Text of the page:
1. Move as much of your investments as possible into low-cost index mutual funds
  2. Minimize the fees and tax consequences of doing so
It's always an option to do a partial transfer, leaving your old account open with any investments that you don't want to (or can't conveniently) move or sell and moving the rest to Vanguard.

Taxes are (needlessly) complicated, so do your homework or consult a tax professional.

Consider this situation: you currently hold a bunch of individual stocks.  You want to sell these stocks and move into index mutual funds at Vanguard.  Should you sell the stocks first and then transfer the money to Vanguard, or transfer the stocks to Vanguard and then sell them?  The same question might apply to bonds, mutual funds, or whatever other investment you might be holding in your old account.

The order in which you proceed depends entirely on how the trading fees at Vanguard compare to those at your existing brokerage.  If your brokerage's trading fees are lower, trade and then transfer; if Vanguard's trading fees are lower, transfer and then trade.  When looking up your brokerage's fees, pay attention to any extra fees charged for 'broker-assisted trades'; if you call the brokerage instead of executing the trades yourself online, you may be charged an additional $25+ per trade.

For comparison, Vanguard’s stock and bond trading prices:

Assets Stocks, non-Vanguard ETFs Municipal Bonds US Bonds Commercial Paper
<$50k $7 for 25 trades/year; $20 after 0.2% (up to $250) None $50
$50k-500k $7 for all trades 0.2% (up to $250) None $50
$500k-1mm $2 for all trades 0.1% (up to $250) None $50

Vanguard categorizes the mutual funds of other companies into two groups: Transaction Fee (TF) funds and No Transaction Fee (NTF) funds.  Trading the NTF funds of other companies at Vanguard is fee-free. Search for your mutual fund holdings here to see which they are.

Assets TF Fund Fee
<$50k $35
$50k-500k $20
$500k-1mm $20
$1mm+ $8

When liquidating holdings in a taxable brokerage account, don't forget to consider the tax implications!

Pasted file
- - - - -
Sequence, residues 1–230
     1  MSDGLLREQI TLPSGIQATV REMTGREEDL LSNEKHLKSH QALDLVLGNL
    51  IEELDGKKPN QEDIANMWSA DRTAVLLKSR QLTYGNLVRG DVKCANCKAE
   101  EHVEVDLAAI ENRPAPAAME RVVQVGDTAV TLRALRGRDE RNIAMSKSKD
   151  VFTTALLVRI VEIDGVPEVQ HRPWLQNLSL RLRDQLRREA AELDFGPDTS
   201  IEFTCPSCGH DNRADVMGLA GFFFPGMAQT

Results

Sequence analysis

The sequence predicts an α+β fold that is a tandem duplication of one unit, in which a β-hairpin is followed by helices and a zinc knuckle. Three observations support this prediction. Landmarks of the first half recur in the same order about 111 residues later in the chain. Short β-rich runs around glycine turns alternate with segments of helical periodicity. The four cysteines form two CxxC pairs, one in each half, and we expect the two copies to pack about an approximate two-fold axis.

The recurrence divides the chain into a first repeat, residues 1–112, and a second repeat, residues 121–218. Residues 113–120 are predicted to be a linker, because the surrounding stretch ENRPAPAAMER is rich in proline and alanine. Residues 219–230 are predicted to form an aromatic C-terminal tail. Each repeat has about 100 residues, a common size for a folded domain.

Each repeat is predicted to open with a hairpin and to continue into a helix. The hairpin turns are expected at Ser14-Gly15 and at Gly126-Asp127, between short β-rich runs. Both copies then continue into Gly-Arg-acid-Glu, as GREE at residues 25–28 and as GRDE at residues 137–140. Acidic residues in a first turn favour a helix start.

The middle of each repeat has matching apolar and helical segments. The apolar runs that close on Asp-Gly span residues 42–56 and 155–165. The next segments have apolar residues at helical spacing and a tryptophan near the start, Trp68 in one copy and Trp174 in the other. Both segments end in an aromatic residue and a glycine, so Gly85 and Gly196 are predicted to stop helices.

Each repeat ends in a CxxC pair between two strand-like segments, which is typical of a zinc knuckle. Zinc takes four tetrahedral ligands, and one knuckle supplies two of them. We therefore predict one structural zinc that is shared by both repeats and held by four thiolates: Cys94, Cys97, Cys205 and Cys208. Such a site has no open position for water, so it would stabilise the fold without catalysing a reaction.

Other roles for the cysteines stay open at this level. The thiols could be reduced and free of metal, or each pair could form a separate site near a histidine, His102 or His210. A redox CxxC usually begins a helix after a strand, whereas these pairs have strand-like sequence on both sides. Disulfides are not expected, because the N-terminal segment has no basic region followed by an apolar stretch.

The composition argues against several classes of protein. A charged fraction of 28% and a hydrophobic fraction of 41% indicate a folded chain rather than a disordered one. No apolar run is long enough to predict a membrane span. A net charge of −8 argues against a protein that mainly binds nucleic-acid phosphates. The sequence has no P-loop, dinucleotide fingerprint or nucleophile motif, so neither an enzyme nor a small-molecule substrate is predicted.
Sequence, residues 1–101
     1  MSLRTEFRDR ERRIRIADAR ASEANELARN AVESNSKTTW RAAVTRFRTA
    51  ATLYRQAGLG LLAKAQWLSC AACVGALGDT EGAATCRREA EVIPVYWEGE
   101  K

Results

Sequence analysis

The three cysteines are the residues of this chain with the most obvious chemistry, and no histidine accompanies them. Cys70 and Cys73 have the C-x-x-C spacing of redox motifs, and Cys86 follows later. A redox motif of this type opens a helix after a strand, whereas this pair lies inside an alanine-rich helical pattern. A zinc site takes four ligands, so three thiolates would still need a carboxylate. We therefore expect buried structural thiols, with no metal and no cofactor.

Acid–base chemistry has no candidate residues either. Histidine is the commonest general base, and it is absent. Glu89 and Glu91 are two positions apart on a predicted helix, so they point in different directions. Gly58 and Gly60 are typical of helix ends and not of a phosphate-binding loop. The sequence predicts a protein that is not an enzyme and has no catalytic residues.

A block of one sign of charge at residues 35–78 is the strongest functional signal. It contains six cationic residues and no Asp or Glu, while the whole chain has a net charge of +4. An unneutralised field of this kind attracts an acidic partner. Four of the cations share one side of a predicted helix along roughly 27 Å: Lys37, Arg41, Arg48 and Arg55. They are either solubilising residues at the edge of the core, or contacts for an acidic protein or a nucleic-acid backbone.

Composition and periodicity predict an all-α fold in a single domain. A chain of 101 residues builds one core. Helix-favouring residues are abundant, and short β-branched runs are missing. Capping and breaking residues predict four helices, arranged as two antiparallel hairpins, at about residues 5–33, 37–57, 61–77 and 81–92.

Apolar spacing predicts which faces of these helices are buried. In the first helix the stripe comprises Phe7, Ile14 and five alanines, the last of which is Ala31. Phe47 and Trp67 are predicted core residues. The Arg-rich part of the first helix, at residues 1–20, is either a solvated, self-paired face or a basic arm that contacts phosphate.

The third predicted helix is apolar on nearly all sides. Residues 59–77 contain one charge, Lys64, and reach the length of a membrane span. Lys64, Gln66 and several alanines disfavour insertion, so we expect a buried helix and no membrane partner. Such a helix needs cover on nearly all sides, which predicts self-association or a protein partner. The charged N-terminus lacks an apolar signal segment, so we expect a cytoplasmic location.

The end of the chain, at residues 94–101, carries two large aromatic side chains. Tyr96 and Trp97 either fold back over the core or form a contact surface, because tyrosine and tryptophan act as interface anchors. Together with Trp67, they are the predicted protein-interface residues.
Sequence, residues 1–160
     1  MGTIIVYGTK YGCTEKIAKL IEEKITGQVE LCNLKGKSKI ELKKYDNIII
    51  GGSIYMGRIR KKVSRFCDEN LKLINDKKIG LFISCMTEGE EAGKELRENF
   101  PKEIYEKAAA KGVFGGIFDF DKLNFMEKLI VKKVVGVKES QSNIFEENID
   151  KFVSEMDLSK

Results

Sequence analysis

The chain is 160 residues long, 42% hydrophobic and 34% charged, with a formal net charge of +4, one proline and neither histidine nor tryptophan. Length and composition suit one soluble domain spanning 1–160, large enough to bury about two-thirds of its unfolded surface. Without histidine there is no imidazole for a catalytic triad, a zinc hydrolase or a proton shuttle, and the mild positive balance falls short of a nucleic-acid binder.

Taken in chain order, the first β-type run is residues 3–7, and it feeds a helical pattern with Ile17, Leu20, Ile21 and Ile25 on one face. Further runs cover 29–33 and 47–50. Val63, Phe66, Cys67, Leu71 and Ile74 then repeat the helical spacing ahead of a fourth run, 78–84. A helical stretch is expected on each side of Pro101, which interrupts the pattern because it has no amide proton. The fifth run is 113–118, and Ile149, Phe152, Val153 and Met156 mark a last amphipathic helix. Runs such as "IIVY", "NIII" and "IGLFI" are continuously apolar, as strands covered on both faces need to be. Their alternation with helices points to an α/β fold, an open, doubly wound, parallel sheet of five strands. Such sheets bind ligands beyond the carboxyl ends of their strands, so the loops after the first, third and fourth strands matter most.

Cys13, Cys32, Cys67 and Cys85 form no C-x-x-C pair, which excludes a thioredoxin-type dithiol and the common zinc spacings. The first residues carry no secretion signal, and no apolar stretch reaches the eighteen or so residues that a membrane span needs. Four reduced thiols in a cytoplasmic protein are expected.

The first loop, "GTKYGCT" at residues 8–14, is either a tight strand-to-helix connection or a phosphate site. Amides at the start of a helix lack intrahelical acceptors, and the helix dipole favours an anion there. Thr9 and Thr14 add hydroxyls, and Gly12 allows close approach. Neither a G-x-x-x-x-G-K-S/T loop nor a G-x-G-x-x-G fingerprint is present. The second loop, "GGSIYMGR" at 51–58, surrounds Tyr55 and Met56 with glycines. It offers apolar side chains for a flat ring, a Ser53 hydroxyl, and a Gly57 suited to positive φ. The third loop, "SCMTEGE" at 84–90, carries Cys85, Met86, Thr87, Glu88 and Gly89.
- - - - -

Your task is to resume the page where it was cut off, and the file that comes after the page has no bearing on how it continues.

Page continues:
A (Potentially Helpful) Flowsheet

I have helped several friends and coworkers migrate some or all of their investments to Vanguard.  To help them get started on the transfer process, I created this flowsheet that summarizes the steps:

• Is the account taxable?
→ yes: STOP — must perform a tax analysis
→ no: continue

• Does the account contain individual stocks or bonds?
→ Are the stock and bond trading costs at the current brokerage lower than at Vanguard?
→ → yes: liquidate the individual bonds (if desired) and stocks at your current brokerage
→ → no: continue

• Does the account hold non-Vanguard Transaction Fee (TF) mutual funds?
→ Are the mutual fund transaction fees at your current brokerage lower than at Vanguard?
→ → yes: liquidate the TF mutual funds at your current brokerage
→ → no: continue

• Does the account hold exotic instruments like mortgage-backed securities or Unit Investment Trusts?
→ yes: STOP — must perform a careful analysis of these holdings
→ no: continue

• your tax-free account now contains: cash, No Transaction Fee (NTF) mutual funds, individual stocks, bonds and TF mutual funds (if not already liquidated)
→ initiate ACAT to Vanguard and wait for transfer to complete
→ liquidate NTF mutual funds
→ liquidate individual bonds (if desired) and stocks
→ purchase low-cost Vanguard index mutual funds to meet your desired allocation

Sound a little complicated and want a hand getting started?  Shoot me a message!  The advantages of investing with Vanguard are well worth the effort of setting up an account.